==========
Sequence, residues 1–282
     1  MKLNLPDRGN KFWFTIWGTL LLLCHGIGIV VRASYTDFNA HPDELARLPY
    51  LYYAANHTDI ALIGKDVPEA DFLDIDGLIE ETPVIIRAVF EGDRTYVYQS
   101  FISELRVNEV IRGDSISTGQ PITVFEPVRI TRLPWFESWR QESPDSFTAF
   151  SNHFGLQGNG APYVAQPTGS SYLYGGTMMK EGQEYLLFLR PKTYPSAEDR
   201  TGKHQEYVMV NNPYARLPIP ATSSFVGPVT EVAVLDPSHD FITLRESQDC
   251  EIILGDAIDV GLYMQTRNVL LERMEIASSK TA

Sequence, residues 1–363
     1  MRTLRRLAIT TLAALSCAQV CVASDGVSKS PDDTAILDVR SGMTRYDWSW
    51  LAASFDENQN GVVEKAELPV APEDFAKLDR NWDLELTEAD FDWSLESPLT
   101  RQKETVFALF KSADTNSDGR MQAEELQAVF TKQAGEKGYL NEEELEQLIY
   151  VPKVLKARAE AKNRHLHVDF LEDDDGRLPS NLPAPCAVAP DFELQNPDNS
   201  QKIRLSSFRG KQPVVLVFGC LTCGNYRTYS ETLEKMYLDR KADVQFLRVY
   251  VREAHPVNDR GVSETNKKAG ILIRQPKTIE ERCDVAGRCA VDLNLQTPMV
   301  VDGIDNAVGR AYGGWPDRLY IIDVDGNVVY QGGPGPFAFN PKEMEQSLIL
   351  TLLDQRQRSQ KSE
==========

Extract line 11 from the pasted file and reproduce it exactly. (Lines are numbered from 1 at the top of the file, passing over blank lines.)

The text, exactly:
   101  RQKETVFALF KSADTNSDGR MQAEELQAVF TKQAGEKGYL NEEELEQLIY